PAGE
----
An ambitious pact for research and the future is indispensable for Austria in order to become a European leader in the fields of education, research and innovation. The potential and willingness certainly exist. There is consensus across parties and institutions that Austria’s universities and research institutions need to be strengthened and that competitive funding for quality-driven basic research needs to be massively extended. What is needed now is a joint far-sighted approach and political courage in order to translate affirmations of willingness into action. The “Science & Research” group within the “Future” cluster, one of the coalition negotiation clusters, would be ideally placed to set a milestone here.

A great deal of research, but not enough basic research

At 3.14 percent of the GDP, we stand second in Europe after Sweden when it comes to investments in research and development (R&D). However, while Switzerland and the Netherlands invest roughly a third of their R&D budget in basic research, this field accounts for less than a fifth of the budget in Austria. And the gap is widening: In 2007, EUR 120 million went to the FWF and indirect research funding. Ten years later, EUR 190 million are allocated to the FWF and 530 million to the ‘research premium’. We need a more balanced situation for the ‘research premium’ to make a genuine and sustainable impact.

Brain drain

At present, Austria is a net exporter of science. Far more excellent scholars leave the country, frequently for good, than we are able to attract. Only 42 percent of the Austrians who succeed in obtaining one of the prestigious ERC Grants from the European Research Council conduct their project at a domestic research institution. By way of comparison: in Sweden and the Netherlands this figure is over 80 percent. Hence, many of our brightest minds leave the country and boost research and innovation in Germany, Switzerland or the USA.

Competitive disadvantage

In the future, competition for the greatest and most creative talents is going to become even tougher – and it will be global. Austria is one of the countries with the highest quality of life worldwide, blessed with natural beauty, cultural diversity and domestic security. It is, however, also marked by massive competitive disadvantages: insufficient investment in research infrastructure, the absence of standardized university access management, too little funding for basic research and poor career prospects in research. Top scientists, in particular, are drawn to places where they find optimum conditions for their research, including funding for their research group. If the FWF has only half or even a quarter of the funds that research funders in Germany, the Netherlands or Switzerland have at their disposal, then the most talented and creative individuals will move to these countries – for instance to cities like Essen, Maastricht or Berne. What a loss that would be in terms of ideas and motivation for our own research location!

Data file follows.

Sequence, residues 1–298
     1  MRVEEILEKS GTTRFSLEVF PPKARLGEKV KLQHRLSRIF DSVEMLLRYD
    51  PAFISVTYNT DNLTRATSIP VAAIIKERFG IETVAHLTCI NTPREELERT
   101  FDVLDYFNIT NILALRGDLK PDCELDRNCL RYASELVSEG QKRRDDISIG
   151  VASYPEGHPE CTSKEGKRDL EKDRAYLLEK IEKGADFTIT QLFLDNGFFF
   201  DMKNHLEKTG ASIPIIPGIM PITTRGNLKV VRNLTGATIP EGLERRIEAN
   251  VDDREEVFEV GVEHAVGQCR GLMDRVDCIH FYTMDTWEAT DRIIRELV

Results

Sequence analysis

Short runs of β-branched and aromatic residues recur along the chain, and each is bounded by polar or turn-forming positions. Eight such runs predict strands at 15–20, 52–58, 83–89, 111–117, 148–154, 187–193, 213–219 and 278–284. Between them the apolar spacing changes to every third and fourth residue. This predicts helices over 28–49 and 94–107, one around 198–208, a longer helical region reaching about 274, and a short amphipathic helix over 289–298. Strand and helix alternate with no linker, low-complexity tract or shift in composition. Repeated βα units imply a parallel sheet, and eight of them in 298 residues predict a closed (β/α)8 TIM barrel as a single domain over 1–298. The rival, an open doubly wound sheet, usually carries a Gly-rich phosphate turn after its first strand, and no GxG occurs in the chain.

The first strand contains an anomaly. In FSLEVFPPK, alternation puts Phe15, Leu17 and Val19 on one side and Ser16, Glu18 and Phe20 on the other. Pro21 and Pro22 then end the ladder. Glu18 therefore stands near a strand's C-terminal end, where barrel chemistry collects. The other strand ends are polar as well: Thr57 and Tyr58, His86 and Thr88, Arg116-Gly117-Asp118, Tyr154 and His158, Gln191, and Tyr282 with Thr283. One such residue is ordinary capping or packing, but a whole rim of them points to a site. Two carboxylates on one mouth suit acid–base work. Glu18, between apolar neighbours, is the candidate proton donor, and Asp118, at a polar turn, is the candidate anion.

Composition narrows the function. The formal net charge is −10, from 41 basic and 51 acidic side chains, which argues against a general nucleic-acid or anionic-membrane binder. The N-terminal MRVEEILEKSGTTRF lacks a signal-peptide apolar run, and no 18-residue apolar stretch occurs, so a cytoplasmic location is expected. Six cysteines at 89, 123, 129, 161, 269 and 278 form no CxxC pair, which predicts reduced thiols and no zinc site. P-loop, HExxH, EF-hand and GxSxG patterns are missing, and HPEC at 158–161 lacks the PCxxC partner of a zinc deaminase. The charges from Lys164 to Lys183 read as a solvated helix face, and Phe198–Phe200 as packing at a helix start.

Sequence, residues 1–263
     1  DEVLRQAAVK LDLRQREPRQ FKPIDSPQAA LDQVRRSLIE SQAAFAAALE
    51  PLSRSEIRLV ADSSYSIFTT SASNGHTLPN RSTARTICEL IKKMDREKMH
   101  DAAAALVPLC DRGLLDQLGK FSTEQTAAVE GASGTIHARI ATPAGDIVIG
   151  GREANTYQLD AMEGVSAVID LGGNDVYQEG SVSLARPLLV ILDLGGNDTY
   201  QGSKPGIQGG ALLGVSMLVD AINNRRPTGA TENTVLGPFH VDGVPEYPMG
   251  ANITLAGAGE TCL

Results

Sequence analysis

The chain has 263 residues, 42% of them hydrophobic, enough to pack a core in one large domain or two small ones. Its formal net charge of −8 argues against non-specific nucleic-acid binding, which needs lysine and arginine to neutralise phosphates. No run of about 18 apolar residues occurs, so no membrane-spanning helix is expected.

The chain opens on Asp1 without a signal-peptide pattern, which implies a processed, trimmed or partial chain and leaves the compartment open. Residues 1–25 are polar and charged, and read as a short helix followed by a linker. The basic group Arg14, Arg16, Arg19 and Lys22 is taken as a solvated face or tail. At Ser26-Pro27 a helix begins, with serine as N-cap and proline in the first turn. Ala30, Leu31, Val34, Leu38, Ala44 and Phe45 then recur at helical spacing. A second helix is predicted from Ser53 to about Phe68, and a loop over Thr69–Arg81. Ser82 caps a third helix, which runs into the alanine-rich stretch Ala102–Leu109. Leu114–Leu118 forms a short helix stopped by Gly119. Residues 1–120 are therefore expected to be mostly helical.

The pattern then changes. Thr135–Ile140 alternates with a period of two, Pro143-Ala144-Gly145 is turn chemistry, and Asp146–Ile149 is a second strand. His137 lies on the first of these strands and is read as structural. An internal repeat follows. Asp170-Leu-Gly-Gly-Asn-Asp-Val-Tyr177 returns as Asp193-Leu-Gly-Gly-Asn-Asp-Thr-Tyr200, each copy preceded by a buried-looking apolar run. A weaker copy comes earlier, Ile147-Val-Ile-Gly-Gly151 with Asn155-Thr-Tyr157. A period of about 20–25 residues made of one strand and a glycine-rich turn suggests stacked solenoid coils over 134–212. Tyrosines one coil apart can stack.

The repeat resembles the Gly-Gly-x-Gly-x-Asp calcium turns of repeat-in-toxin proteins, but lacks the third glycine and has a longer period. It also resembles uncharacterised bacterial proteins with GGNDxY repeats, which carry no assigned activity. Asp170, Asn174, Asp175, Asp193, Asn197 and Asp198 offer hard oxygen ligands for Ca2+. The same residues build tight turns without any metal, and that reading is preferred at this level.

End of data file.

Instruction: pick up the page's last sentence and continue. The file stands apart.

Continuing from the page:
Our stipulation

We need a clear commitment to an alliance for top-level research. At the heart of this alliance we need a secure multi-annual planning horizon for funding agencies and research institutions, with growing budgets, and a broadly-based excellence programme for Austria. This excellence programme needs to focus both on supporting young scientists and on helping universities and research institutions to sharpen their scientific profiles with a clear international orientation.

That would give research and teaching at Austrian universities international visibility and further boost complementarity between universities and applied-science universities. Whatever shape a future Ministry of Science and Research takes, scientific research and universities need to be addressed under one roof. This system has proven its worth.

Austrian Alliance of Science Organisations

The Austrian Alliance of Science Organisations is a platform for regular debates on science policy issues. The members of the Alliance are Thomas Henzinger (Institute of Science and Technology Austria), Antonio Loprieno (Austrian Science Board), Helga Nowotny (ad personam), Klement Tockner (Austrian Science Fund FWF), Oliver Vitouch (Universities Austria) and Anton Zeilinger (Austrian Academy of Sciences). Klement Tockner from the FWF currently holds the chair of the Alliance.


Marc Seumenicht
Head of Public Relations and Science Communication

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